Making The World A Better Place, One   Policy   At A Time.

SPOTLIGHT:

BOB GORDON

QUICK BIO.:

Bob Gordon, MPH, serves as Project Director for the California LGBT Tobacco Education Partnership. He also co-facilitates The Last Drag, a free stop-smoking program for the LGBT community in San Francisco. As Co-Chair of the San Francisco Tobacco Free Coalition, Bob helped organize San Francisco’s Menthol and Flavored Tobacco ordinance, San Francisco’s Tobacco 21 ordinance and the first tobacco-free pharmacy ordinance in the United States. Bob has been honored with a number of awards for his work, including the 2013 Community-Based Leadership Award from the Alcohol Tobacco and Other Drugs Section of the American Public Health Association and the 2013 Community Activist Award from the American Legacy Foundation

Q&A

Q: What do you find exciting about tobacco control policy work?

I’m excited that the innovative policies we create in California often spread across the country and around the world. I’ve seen tremendous change just in my lifetime. We can accomplish a lot at the local level. We live, work, play and vote in our local communities, and our elected officials have a responsibility to listen to us and take action to create healthier communities.

Q: What challenges have you faced in advocating for tobacco control policy change, and what was most helpful in addressing these challenges? 

Years ago, we worked with an LGBT Pride Board to make their event smoke-free. It wasn’t easy. The powerful Board President was a current smoker and was convinced that this smoke-free policy would be an attack on his individual right to smoke. Luckily, we had engaged others on the Board first. These other Board members provided voices of reason who helped neutralize the “individual rights” argument of the Board President.

Q: In your experience, what key messages have resonated with policymakers?

During our campaign to raise the minimum age for purchasing tobacco from 18 to 21 in San Francisco, a key message that resonated was from the Institute of Medicine. The Institute projected a 25% reduction in tobacco use by 15-17 year olds as a result of a Tobacco21 policy. We also shared personal stories to remind policymakers that when you are 17 years old, you are very likely to know an 18 year old, but much less likely to know someone who is 21 years old who can buy tobacco for you.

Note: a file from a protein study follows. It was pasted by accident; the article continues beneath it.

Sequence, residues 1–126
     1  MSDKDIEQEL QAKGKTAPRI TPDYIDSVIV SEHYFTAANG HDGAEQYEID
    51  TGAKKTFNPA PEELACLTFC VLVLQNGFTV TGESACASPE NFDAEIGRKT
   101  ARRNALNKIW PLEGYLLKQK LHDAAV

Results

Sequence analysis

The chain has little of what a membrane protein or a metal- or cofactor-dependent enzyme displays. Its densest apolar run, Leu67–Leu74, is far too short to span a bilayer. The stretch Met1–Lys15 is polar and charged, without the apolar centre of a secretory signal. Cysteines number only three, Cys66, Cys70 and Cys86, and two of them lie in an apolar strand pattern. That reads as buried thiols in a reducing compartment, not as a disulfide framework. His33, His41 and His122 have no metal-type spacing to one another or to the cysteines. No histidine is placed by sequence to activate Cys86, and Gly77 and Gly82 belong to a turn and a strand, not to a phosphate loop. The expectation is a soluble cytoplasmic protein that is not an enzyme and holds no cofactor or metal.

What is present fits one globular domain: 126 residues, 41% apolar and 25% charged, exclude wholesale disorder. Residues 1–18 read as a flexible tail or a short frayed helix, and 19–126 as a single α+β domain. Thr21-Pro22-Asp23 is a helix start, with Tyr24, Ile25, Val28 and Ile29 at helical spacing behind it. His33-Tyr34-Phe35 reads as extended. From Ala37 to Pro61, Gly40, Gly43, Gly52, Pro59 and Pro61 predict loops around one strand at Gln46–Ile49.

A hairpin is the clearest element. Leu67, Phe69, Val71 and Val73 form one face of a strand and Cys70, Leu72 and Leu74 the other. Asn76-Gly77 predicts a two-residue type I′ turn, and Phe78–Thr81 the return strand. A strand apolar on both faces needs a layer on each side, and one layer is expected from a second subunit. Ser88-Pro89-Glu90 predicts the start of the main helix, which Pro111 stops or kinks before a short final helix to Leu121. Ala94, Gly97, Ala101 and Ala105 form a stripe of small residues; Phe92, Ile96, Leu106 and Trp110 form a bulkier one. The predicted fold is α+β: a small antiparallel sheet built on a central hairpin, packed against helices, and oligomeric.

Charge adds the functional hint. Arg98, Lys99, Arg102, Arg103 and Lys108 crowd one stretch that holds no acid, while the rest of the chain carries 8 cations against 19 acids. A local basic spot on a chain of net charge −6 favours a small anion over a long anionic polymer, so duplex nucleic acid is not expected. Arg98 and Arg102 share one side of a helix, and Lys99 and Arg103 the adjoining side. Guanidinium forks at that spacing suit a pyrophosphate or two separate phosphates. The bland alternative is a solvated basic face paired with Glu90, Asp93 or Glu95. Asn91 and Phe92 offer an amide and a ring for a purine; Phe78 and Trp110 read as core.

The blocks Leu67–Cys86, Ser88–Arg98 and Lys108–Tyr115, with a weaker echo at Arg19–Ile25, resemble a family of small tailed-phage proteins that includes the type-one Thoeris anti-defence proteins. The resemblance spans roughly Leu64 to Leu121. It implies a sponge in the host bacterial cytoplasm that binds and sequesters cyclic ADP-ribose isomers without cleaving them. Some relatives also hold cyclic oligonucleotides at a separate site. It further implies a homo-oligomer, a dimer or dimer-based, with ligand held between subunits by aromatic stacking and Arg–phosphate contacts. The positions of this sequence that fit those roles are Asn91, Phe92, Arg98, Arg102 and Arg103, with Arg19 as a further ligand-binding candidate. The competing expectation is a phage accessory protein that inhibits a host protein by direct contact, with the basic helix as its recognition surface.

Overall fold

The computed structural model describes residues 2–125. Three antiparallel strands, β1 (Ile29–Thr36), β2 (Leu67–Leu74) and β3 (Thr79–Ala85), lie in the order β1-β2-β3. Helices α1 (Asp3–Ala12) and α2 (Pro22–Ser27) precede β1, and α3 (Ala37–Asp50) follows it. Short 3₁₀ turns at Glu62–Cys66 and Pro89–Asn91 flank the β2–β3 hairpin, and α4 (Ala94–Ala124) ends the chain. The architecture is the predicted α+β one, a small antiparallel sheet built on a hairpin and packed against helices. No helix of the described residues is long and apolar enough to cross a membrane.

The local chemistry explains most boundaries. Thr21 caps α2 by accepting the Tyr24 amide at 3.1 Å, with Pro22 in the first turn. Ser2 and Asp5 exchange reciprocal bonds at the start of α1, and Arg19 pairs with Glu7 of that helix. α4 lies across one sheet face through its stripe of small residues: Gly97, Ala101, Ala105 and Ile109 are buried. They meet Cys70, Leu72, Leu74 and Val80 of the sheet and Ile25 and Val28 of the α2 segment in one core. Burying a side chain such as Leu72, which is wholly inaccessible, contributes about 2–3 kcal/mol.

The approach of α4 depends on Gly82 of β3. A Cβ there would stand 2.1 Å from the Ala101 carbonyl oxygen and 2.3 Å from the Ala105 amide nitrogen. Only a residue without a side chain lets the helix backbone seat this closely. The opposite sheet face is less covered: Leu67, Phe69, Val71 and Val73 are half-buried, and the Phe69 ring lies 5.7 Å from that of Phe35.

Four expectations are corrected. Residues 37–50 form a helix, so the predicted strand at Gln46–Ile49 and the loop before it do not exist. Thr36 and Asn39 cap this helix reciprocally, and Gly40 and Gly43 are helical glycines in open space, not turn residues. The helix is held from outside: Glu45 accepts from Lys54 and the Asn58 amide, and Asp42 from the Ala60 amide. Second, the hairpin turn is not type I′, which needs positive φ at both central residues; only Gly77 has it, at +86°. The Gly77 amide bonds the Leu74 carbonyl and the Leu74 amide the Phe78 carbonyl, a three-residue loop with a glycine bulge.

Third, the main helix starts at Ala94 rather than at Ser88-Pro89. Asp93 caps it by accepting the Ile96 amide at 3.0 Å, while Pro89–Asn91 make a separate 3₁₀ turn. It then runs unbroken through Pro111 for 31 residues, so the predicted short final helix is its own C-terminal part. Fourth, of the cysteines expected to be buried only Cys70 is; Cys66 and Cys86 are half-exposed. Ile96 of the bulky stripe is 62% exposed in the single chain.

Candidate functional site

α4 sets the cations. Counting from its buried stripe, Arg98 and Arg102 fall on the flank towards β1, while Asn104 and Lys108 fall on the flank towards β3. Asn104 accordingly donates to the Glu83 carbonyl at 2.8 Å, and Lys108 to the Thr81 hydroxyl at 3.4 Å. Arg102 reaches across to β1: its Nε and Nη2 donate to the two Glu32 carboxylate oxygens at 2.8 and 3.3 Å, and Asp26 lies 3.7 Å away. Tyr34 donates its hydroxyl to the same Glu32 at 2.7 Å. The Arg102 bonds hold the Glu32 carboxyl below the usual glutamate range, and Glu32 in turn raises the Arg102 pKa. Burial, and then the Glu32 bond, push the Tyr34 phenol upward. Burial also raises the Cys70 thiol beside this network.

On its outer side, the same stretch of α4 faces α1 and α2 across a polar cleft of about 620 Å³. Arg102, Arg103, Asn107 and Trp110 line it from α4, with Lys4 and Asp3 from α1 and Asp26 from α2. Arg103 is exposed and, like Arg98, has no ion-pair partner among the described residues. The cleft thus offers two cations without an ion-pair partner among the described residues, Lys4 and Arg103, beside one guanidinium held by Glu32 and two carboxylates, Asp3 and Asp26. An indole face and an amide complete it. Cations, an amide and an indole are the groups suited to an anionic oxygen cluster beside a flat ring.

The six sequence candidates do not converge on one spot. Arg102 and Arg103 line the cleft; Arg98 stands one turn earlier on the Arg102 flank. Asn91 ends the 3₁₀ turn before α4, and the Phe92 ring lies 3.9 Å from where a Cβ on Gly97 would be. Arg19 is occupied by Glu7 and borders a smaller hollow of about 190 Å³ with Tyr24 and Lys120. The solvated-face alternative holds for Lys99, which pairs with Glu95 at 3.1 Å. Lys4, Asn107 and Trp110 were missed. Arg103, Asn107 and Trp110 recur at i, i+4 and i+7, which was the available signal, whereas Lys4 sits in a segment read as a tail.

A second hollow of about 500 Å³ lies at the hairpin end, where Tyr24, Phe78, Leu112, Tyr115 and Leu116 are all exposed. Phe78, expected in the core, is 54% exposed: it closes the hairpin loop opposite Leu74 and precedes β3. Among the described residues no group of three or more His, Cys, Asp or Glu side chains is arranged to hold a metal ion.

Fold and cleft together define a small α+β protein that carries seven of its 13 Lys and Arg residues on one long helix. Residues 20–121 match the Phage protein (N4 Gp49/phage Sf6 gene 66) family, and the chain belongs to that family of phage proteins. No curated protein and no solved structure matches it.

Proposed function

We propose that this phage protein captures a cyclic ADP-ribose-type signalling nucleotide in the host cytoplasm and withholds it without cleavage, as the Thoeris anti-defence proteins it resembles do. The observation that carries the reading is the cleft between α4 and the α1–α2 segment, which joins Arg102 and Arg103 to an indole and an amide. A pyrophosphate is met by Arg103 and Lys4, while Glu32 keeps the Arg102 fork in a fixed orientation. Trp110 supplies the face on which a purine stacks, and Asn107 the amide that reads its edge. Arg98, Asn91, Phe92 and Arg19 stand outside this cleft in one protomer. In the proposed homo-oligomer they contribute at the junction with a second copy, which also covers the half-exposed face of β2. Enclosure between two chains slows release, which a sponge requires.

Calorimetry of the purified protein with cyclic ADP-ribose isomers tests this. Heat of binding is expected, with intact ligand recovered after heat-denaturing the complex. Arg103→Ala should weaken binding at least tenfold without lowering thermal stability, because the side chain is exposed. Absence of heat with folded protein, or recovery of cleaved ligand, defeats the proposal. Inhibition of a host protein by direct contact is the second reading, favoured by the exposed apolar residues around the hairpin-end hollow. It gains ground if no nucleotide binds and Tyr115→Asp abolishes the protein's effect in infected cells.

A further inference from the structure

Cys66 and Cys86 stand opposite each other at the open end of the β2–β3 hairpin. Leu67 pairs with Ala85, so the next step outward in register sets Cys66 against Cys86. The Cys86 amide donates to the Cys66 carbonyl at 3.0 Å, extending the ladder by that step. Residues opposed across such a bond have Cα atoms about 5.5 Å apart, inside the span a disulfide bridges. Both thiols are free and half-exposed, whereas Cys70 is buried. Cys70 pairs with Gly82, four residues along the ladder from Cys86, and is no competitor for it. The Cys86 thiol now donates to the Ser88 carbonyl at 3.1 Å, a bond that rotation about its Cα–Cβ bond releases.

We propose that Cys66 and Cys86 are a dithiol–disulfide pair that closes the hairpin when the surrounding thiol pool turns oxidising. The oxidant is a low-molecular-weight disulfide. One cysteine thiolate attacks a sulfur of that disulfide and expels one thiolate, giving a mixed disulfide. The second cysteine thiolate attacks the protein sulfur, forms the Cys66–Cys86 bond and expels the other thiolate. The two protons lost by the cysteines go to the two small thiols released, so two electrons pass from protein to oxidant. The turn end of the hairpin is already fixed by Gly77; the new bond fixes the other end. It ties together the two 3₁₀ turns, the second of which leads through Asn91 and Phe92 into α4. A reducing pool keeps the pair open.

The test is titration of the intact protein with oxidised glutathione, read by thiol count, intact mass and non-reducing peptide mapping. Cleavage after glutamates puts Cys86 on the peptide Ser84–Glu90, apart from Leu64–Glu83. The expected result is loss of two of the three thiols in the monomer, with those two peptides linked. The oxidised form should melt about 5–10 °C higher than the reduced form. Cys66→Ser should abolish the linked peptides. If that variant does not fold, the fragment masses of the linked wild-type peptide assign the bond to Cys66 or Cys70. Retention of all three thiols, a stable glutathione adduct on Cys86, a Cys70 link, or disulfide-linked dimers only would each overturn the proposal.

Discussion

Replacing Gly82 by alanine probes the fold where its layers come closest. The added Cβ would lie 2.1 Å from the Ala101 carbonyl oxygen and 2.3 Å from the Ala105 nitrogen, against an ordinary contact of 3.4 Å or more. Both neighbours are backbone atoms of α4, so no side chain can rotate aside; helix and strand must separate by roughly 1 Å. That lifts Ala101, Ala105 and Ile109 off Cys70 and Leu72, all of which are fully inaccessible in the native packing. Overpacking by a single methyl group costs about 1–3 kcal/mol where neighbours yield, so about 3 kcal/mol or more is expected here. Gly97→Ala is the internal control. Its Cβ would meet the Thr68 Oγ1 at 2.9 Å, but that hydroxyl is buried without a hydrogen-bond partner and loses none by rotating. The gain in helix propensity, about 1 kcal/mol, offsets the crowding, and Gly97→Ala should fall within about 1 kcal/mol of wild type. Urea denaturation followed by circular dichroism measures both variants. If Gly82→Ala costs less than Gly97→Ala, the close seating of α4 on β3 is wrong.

Q: Can you briefly describe your involvement with tobacco control policy work?

As a longtime member and now Co-Chair of San Francisco’s Tobacco-Free Coalition, I have helped pass many local policies throughout the years, including Tobacco21 and San Francisco’s recent landmark law to eliminate the sale of all menthol and flavored products in the city. These policies, along with the recent passage of a $2/pack increase in California’s tobacco tax, are a big boost to our efforts to protect the health of the public. One type of policy that I’m especially passionate about are local laws that eliminate the sale of tobacco in any store with a pharmacy. The first policy passed in San Francisco in 2008, and I’m happy to report that there are over a dozen tobacco-free pharmacy policies that have passed in the state since that time. I’ve also had the pleasure of partnering with a number of tobacco control coalition members across the state. Members of San Benito County’s Coalition taught me a lot about how to pass a policy in a place where most people said it couldn’t be done. They did a fantastic job of engaging and empowering young people who proved to be central to the passage of a tobacco-free pharmacy policy in Hollister.

Q: How have you avoided feeling intimidated by public speaking to policymakers?

It can be nerve-racking to address policymakers, but it’s a good kind of nervous that helps us show up and make a difference. Being nervous is a reminder that we care; that we want our words to be received well. Showing up and using our individual voices helps the cause. I like to remind people that elected officials are there to serve us, and that it is our duty to show up and be counted. And our words are not just for us, they are also for others who are too busy or afraid to step forward and be heard. No one expects us to be perfect. But how powerful it can be when we all show up to speak!